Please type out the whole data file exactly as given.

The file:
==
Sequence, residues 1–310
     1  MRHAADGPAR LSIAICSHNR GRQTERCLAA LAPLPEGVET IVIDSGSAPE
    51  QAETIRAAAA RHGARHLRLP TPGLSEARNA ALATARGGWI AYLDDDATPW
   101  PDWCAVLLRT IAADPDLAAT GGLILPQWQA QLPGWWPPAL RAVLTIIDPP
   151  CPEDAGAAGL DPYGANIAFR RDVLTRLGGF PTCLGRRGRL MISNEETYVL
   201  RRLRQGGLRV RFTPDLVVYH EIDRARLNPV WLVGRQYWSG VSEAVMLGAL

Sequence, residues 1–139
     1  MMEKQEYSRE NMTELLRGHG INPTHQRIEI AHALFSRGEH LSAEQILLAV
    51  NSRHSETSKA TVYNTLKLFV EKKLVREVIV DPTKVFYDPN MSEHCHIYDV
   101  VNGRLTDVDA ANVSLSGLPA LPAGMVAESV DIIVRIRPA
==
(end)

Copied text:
Sequence, residues 1–310
     1  MRHAADGPAR LSIAICSHNR GRQTERCLAA LAPLPEGVET IVIDSGSAPE
    51  QAETIRAAAA RHGARHLRLP TPGLSEARNA ALATARGGWI AYLDDDATPW
   101  PDWCAVLLRT IAADPDLAAT GGLILPQWQA QLPGWWPPAL RAVLTIIDPP
   151  CPEDAGAAGL DPYGANIAFR RDVLTRLGGF PTCLGRRGRL MISNEETYVL
   201  RRLRQGGLRV RFTPDLVVYH EIDRARLNPV WLVGRQYWSG VSEAVMLGAL

Sequence, residues 1–139
     1  MMEKQEYSRE NMTELLRGHG INPTHQRIEI AHALFSRGEH LSAEQILLAV
    51  NSRHSETSKA TVYNTLKLFV EKKLVREVIV DPTKVFYDPN MSEHCHIYDV
   101  VNGRLTDVDA ANVSLSGLPA LPAGMVAESV DIIVRIRPA